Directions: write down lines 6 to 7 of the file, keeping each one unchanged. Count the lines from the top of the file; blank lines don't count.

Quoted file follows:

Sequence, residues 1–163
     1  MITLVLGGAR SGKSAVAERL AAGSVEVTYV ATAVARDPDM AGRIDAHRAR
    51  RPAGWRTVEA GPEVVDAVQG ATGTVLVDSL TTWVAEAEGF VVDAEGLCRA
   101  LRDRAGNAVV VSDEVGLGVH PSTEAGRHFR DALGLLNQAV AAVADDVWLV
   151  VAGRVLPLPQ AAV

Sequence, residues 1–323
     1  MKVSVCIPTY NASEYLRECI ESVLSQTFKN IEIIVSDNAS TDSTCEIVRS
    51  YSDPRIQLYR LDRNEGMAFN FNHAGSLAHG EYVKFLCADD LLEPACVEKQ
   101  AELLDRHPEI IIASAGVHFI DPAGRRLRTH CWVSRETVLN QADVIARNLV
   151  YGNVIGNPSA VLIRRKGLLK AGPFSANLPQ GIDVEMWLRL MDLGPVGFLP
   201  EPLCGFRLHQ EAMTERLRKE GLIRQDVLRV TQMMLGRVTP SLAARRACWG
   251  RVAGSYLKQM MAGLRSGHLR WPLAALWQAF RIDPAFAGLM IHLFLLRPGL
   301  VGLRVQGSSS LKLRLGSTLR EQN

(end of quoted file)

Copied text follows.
Sequence, residues 1–323
     1  MKVSVCIPTY NASEYLRECI ESVLSQTFKN IEIIVSDNAS TDSTCEIVRS